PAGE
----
When I was in college, one of my best friends looked around the bar we’d just entered and said he wanted to leave.
We’d both been waiting for this bar to open for months. And here it was… all shiny and new, with smiling faces and Run D.M.C. playing and 3 dollar pitchers of margaritas. I didn’t get it.
“Look around. I’m the only brother in here.” He said.
It was true. He was the only African American guy in the bar. But, what did that matter? I often went with him and our other friends to dance clubs where I was the only white girl and I never felt uncomfortable.
I begged him to stay for just a few minutes. We chose an inconspicuous corner in the back, shared a few drinks and then left. That was it. No drama. And, yet, the impact his discomfort made on me lingered.
Growing up as the only Jewish, only Middle Eastern kid in a white Conservative town, I’d grown accustomed to thinking of myself as “other.” And, if for one moment I forgot, there would be someone burning my hair on the bus, or telling me I killed Jesus to remind me.
And, so, when I got to college, I gravitated to other young people who felt “other.” There were the African American kids who’d grown up in white neighborhoods, the Latino guy who was raised by a white family, the Taiwanese girl who was the only minority in her small town. We had all grown up feeling like outsiders. But, together we were at home.
For many years, I didn’t see myself as any different from my black or Asian friends. Hadn’t I too grown up being discriminated against? Wasn’t I also a minority?
But, after that incident in the bar, I began to think about things a little deeper. Yes, I’d had a rough childhood, but when was the last time I’d been harassed for being Jewish? Yes, I felt more comfortable in spaces that were diverse, but did I ever feel unsafe in an area that was predominately white? Yes, sometimes people made strange remarks when I told them I was Jewish, but did anyone ever assume I was Jewish without me telling them?
I began to wonder if somehow, I had gone from being “other” to part of the white majority.
After that moment, I started to listen a little harder, to pay more attention. I learned that my black friends were pulled over by the cops much more often than I was, that my Latino friend was sometimes followed around the store, that my Taiwanese friend was often treated as a fetish instead of a human being.
I started to become aware of my surroundings… to notice if the room was predominantly white, to make it a point to smile and talk to people who were different or looked uncomfortable. To ensure that no one around me was ever made to feel “other.”
I know there has been a debate raging about whether Jews are white passing or not. And, I understand the confusion. We are only a few generations removed from the Holocaust. Our wounds are still fresh, our fear is still on the surface. We know all too well that we are only one bad leader away from devastation.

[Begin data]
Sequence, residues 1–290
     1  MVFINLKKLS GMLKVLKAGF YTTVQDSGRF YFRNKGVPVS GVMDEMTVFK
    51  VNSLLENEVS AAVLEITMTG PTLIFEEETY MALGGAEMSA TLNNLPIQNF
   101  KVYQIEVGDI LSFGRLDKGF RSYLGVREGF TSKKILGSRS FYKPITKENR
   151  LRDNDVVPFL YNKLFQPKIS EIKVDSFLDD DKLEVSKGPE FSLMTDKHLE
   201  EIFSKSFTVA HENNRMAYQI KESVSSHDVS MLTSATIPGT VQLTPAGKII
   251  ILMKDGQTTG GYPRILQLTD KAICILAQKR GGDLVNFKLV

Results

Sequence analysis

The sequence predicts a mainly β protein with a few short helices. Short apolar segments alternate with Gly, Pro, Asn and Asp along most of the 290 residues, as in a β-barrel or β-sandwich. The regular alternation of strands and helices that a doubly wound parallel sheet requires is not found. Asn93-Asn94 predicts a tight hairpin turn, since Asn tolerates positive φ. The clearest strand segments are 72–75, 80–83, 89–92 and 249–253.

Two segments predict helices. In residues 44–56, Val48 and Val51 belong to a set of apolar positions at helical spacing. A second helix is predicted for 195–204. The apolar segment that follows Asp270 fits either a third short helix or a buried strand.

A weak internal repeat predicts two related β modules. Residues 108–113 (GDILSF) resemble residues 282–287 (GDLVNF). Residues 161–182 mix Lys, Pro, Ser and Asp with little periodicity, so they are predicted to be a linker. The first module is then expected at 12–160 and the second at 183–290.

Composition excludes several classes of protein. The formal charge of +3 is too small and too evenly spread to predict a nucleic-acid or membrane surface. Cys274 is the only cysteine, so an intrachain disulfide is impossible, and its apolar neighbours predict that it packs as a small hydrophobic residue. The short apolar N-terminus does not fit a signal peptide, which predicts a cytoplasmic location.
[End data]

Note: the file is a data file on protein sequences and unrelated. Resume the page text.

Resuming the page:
But, there is a difference between the potential for trauma and actually living through it. Yes, there are isolated incidents of antisemitism, but the system is not stacked against us. There is no mass incarceration of Jews or government created ghettos.
I admit that in the past I have used the word “white-passing” to describe myself on occasion. It felt accurate, right, fitting to my Middle Eastern heritage. My maternal family is Egyptian and Libyan, and many of my cousins have dark skin and tight curls. Calling myself “white” felt like a slight to my non-white relatives. But, in recent weeks I’ve read articles by Facebook friends who are Jews of color saying that it hurts them when light skinned Jewish people use that term. So, I’ve stop using it. Because, as much as I try to be aware of the concerns of people of color, not being one myself, I will always have blind spots, things that I miss. And, I am grateful for friends who are open about the things that make them uncomfortable to help me learn.
The truth is, I can’t guarantee that I won’t continue to make mistakes or to miss instances where I could have been a better ally. But, what I can be sure of is that I will keep listening to my friends, whether it’s about what words hurt them or what bars they feel uncomfortable in.
And, maybe, at heart, that’s what it’s all about. When we care about people, we are much more likely to listen and to change our behavior. So, I’ll keep taking all those opportunities to get to know people of all different backgrounds. I’ll keep making new friends and listening to the ones that I have. Because I really believe that only when we care so much about the “other” that their concerns become our concerns will real progress be made.